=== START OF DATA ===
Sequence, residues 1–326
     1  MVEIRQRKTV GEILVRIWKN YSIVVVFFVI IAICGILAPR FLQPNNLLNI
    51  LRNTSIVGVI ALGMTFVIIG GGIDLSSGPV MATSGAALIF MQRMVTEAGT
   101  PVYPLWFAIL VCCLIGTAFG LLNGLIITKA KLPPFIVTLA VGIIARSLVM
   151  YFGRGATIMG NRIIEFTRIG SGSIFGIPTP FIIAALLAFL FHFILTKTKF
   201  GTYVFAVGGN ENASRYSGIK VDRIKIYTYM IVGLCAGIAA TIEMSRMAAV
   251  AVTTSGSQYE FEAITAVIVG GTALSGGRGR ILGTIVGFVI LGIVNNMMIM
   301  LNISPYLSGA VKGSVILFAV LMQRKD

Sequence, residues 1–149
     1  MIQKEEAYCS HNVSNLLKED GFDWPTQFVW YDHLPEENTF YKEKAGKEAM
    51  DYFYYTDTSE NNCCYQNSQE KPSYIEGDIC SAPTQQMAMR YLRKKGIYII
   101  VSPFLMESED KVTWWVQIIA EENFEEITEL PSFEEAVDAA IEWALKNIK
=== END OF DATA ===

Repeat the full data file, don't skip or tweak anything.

Sequence, residues 1–326
     1  MVEIRQRKTV GEILVRIWKN YSIVVVFFVI IAICGILAPR FLQPNNLLNI
    51  LRNTSIVGVI ALGMTFVIIG GGIDLSSGPV MATSGAALIF MQRMVTEAGT
   101  PVYPLWFAIL VCCLIGTAFG LLNGLIITKA KLPPFIVTLA VGIIARSLVM
   151  YFGRGATIMG NRIIEFTRIG SGSIFGIPTP FIIAALLAFL FHFILTKTKF
   201  GTYVFAVGGN ENASRYSGIK VDRIKIYTYM IVGLCAGIAA TIEMSRMAAV
   251  AVTTSGSQYE FEAITAVIVG GTALSGGRGR ILGTIVGFVI LGIVNNMMIM
   301  LNISPYLSGA VKGSVILFAV LMQRKD

Sequence, residues 1–149
     1  MIQKEEAYCS HNVSNLLKED GFDWPTQFVW YDHLPEENTF YKEKAGKEAM
    51  DYFYYTDTSE NNCCYQNSQE KPSYIEGDIC SAPTQQMAMR YLRKKGIYII
   101  VSPFLMESED KVTWWVQIIA EENFEEITEL PSFEEAVDAA IEWALKNIK